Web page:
On April 18, 2016, Magistrate Judge Mitchell of the Eastern District of Texas granted-in-part a motion to exclude damages expert opinion based in part on a litigation verdict for failure to account for litigation-related economic circumstances.
Mars, Inc. and Mars Petcare US, Inc. (“Mars”) brought a patent infringement lawsuit against TruRX LLC and True Science Holdings, LLC (“True Science”) alleging infringement of two U.S. patents related to breath-freshening pet food compositions. True Science moved to exclude the testimony of Mars’ damages expert, Mr. Britven, for improperly relying on the verdict in a previous litigation involving Mars to support his reasonable royalty opinion. The Court granted the motion and excluded that testimony as unreliable.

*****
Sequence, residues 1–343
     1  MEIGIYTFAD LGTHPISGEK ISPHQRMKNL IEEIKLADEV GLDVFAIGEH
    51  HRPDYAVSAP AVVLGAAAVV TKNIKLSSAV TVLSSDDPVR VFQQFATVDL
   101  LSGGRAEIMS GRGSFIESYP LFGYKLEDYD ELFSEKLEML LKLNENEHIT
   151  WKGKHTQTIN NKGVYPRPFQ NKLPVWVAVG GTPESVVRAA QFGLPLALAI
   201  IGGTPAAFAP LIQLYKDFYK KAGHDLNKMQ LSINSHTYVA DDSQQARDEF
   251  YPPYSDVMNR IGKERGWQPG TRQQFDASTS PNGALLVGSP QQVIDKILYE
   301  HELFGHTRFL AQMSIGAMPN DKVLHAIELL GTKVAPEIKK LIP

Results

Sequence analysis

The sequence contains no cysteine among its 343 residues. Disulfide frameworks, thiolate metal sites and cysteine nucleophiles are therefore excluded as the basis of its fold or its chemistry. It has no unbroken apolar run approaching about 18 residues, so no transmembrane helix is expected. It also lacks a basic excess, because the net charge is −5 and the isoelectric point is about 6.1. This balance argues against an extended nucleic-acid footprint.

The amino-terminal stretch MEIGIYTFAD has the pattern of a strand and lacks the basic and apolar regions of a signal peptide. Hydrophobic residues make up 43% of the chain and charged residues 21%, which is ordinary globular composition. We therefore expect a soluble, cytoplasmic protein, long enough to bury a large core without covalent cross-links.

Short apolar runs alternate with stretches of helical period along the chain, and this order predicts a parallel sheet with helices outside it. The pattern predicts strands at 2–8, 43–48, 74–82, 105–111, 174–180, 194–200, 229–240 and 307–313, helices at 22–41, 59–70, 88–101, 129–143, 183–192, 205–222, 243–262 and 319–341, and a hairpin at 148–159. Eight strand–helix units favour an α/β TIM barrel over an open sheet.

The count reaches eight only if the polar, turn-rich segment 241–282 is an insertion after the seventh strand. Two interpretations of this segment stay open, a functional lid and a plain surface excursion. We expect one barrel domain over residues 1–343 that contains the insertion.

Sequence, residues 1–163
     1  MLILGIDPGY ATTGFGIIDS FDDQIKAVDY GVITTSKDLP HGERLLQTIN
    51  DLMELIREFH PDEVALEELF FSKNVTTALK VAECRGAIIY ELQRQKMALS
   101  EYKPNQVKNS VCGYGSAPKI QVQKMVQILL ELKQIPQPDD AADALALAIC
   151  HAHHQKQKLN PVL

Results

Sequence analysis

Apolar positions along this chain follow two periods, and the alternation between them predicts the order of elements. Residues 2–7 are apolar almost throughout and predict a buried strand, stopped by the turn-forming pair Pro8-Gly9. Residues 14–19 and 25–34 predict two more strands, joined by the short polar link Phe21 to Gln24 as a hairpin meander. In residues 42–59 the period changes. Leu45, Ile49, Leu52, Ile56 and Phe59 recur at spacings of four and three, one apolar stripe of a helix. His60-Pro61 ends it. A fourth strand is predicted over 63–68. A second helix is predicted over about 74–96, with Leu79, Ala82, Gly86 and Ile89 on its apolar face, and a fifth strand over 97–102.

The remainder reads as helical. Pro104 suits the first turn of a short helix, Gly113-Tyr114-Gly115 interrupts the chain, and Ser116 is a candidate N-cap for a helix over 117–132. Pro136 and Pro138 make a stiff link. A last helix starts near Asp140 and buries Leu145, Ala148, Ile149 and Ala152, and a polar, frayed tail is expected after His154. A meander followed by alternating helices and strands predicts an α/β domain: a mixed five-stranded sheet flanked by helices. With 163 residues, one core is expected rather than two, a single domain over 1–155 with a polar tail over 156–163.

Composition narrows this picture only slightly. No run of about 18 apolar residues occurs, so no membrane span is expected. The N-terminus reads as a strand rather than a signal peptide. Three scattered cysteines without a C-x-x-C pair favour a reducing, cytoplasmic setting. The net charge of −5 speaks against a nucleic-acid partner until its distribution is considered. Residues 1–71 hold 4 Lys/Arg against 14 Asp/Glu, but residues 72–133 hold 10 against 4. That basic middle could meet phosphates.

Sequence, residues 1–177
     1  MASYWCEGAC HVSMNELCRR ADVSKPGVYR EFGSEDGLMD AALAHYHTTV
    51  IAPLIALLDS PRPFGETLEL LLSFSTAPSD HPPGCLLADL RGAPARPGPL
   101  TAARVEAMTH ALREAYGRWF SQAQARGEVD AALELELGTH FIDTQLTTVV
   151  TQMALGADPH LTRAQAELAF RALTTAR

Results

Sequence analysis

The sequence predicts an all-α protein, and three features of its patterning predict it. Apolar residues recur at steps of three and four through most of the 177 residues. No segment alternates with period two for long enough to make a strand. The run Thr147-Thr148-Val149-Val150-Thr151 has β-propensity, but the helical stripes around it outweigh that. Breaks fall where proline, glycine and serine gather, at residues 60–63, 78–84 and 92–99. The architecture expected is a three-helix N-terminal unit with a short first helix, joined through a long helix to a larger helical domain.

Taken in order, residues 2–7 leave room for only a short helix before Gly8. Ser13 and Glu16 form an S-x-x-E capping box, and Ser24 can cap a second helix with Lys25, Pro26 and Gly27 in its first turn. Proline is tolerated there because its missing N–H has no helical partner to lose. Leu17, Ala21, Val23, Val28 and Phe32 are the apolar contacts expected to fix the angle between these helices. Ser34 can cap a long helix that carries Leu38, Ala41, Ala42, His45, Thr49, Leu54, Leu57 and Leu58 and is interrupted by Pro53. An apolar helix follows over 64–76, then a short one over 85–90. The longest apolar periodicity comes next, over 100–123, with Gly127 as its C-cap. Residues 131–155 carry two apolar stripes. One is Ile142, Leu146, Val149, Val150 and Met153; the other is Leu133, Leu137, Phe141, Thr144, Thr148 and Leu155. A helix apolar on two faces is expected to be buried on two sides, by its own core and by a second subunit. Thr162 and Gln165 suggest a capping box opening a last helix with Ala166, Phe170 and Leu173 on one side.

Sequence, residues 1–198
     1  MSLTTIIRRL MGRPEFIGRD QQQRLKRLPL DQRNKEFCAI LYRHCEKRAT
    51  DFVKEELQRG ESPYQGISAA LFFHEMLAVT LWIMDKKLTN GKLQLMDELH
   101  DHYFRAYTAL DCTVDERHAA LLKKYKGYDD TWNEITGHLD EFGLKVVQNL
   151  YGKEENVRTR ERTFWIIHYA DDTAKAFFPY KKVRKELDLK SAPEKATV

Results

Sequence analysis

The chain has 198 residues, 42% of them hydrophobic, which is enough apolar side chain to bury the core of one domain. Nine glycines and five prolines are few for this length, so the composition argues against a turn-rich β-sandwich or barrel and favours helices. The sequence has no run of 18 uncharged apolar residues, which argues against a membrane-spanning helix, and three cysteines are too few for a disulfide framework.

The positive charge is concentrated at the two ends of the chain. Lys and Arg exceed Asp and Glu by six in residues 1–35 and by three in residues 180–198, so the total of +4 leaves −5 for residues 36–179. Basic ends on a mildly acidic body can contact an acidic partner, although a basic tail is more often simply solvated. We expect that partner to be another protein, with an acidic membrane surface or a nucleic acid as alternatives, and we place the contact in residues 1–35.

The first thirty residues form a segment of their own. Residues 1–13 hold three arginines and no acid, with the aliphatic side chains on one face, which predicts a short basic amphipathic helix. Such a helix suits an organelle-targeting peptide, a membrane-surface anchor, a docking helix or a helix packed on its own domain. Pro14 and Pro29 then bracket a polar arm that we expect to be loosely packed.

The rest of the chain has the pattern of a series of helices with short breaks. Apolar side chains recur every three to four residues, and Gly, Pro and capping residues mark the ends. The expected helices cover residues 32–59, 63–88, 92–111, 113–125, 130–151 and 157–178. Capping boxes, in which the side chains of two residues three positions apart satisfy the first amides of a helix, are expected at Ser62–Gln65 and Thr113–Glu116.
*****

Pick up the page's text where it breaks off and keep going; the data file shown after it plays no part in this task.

The verdict at issue was a case between Mars and Heinz from 2003. The court noted, citing to ResQNet.com, Inc. v. Lansa, Inc., 594 F.3d 860 (Fed. Cir. 2010), that the Federal Circuit has ruled that “litigation itself can skew the results of the hypothetical negotiation.” That is because the hypothetical reasonable royalty calculation occurs before litigation. Mr. Britven’s opinion did not establish whether the Heinz verdict was comparable to a hypothetical reasonable royalty. His opinion also failed to establish that the technology in the Heinz case was comparable, so the court struck the portions of Mr. Britven’s expert reports discussing the Heinz litigation and precluded any testimony regarding the same.
Mars, Inc. v. TruRX LLC, et al., 13-cv-526 (E.D. Tex. Apr. 18, 2016)